Every manager wants to be a leader: someone everybody looks up to, respects, and exceeds all expectations. You will find this easier said than done. As a manager, you already (hopefully) possess the knowledge, skills, and attitude to be successful. Just as important, if not more so, than the “hard skills” are the “soft skills”. These include, especially, the way you talk to other people. Here are 3 things that should never come out of your mouth:
During each day, you talk to countless people. You can’t expect to consider every word that comes out of your mouth. However, one phrase you should avoid is, “No problem.” Each time you say this, you are implying that person’s request would have been a problem. In addition, by uttering these two little words you may be also be committing yourself to something which may not be in your best interest, or your company’s. Sometimes, just the word “no” is all you really need.
Cast your mind… you ask your manager if he can attend a presentation you’ve scheduled with a client that potentially could move your company to the next level. You’ve done your research, prepared slides, printed copies of the reports – you feel like the master employee. The only thing missing is your manager to pull it all together and now he says, “I’ll try.” Stunned, you do what any great employee does: You promise yourself you will never say those words when you become a manager! Some phrases just don’t work in management, and “I’ll try” is one of them. It lacks confidence and commitment and it conveys the message you are purposely leaving yourself an out. If you want your employees to be as dedicated as you are, start saying, “I will”.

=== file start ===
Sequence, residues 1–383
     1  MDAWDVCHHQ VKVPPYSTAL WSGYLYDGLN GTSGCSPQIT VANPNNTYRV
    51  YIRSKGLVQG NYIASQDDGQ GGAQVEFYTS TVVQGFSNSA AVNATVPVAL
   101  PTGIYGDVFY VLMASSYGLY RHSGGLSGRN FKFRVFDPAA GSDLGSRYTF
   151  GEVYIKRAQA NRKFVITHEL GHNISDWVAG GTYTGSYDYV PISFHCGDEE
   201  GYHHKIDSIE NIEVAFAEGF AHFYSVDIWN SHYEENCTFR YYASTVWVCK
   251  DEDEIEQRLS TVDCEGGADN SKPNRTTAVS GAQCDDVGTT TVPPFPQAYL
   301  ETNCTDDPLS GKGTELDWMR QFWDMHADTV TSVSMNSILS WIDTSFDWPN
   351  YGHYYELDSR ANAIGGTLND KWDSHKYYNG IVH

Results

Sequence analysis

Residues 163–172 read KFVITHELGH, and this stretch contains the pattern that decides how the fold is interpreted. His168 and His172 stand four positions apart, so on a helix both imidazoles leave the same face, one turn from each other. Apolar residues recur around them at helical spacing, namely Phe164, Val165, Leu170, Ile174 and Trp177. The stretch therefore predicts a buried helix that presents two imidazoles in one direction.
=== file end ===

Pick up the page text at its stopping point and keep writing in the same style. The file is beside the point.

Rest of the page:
As my wife says… “Suck it up buttercup. Life’s not fair.” Telling someone, “It’s not fair” implies you feel life is supposed to be fair, and that is just not the case. In fact, it makes you seem naive. There are going to be plenty of things in your career you don’t feel are fair. Still, you need to face them head on and find an alternate route to get what you are looking for.
Just for fun click here for a link to some amusing (or not so much) comments uttered by managers. Put yourself in the shoes of the employees who received these gems and learn to think before you speak! Continue to strive to be the best manager you can be. Work on removing these phrases from your conversations. Pay close attention to phrases your co-workers use, and see how they make you, or others, feel. Your personal reaction to something said TO you is a pretty good indicator of how another person would feel if the words were uttered BY you. Remember the old saying: “Do unto others” and you’ll be a leader who always says the right thing.